Let's get right to it: I loved it.
I'm sure two weeks down the road I'll end up agreeing with all the less than glowing reviews I've seen on some points but for the time being I loved it.
Things I Liked • Katsa. She's very different from what society expects of her but that's what I love about her. Some may call her a Mary Sue, and I guess that's well within their right to do so, but I thought she was an incredibly compelling character. Frustrating at times, yes, but compelling all the same. She's a tomboy if I ever saw one (though that is no surprise considering what her Grace is), but she also questions herself. She's not acting the part of special snowflake and she has genuine worries that I can empathise with a lot, especially her fear of herself and what she can do. • In general, I was very pleased with how many female characters there were who weren't helpless. Perhaps unrealistic for the general time period but I enjoyed it all the same. Bitterblue was smart and quick on the uptake. Faun only had very few scenes but I was delighted to find out about her. Even Po's mother's agency gave her more to be than just his mother. • Speaking of women, I was so pleased when I realised that Cashore didn't just handwave real-world lady issues like periods and how to have sex. She didn't go into specifics, but just that she mentioned it in passing was a very nice addition. I always do wonder when girls go on adventures and don't worry about things like their period. • The romance. Of course there was romance. Is there ever a book without romance? Probably not. But it was slow and quiet and well-paced. I wasn't overwhelmed by it the way I often am with books that aren't outright chicklit. Katsa and Po were amazing together and of course, as with any story that contains romance, the pair was separated at one point and it slayed me. Everything from Katsa's fiery disdain of him to the revelation of what Po did for her was utterly delicous and I ship it so hard. • The plot itself. It was interesting from start to finish and I enjoyed it very much. There was something fascinating about the Graces and to learn about the mystery surrounding Bitterblue's family. I thought that was very well done.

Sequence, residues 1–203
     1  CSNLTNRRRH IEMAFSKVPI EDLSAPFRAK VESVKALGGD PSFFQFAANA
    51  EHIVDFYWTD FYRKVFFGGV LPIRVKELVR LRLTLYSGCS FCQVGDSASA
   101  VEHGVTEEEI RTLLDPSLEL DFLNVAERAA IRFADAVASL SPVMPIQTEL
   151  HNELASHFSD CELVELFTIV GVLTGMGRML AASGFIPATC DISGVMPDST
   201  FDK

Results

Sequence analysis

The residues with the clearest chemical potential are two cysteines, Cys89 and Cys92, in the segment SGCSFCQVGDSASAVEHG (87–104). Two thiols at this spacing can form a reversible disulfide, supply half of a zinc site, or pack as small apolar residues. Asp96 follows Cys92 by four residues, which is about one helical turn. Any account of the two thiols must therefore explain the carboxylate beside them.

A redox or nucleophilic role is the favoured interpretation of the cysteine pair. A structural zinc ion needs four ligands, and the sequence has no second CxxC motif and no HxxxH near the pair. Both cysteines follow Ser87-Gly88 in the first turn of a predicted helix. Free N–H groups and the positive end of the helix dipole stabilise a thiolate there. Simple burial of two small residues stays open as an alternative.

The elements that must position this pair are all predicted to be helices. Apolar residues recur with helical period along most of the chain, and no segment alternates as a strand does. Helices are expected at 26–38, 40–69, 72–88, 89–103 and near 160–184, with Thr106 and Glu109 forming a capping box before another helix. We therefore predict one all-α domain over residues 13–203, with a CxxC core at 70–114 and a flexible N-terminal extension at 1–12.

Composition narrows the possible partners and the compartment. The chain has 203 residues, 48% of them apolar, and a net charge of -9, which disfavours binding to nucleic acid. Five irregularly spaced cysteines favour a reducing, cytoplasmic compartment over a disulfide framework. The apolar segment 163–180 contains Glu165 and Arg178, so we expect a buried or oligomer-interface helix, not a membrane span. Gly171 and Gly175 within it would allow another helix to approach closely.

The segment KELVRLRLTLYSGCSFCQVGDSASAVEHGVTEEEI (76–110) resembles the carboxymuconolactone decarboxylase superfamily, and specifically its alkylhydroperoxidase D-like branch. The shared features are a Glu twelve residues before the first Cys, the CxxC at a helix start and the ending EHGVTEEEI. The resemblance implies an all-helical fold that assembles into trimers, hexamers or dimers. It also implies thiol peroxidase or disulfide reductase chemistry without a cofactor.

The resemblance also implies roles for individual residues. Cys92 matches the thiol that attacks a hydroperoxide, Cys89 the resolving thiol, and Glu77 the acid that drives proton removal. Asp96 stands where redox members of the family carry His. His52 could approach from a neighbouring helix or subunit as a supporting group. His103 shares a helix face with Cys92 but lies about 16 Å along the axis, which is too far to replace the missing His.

Things I Didn't Like • Bitterblue sounds way too mature for her age, even under the circumstances. She doesn't read like a ten-year-old at all. Like. At all. But then I can forgive that in favour of the engrossing plot. • The plot twists were foreseeable. Though I feel like this might be more of an issue for others than it is for me. I actually thought it pretty nice to be validated in my suspicions and would've been disappointed if Katsa had evaded certain doom just because she's the MC. That would've been more unrealistic than I would've liked, I'm sure.
And then she swung the door open and almost sat down on the floor in astonishment, because before her in the hallway stood Raffin. He was muddy and smelled like horses. "Did we get here in time for the food?" he asked. "The invitation said something about pie, and I'm starving."
Ahhh, a man after my own heart. You can always lure me in with talk about food. :D
All things considered I enjoyed Graceling very much and would definitely recommend it. :D...more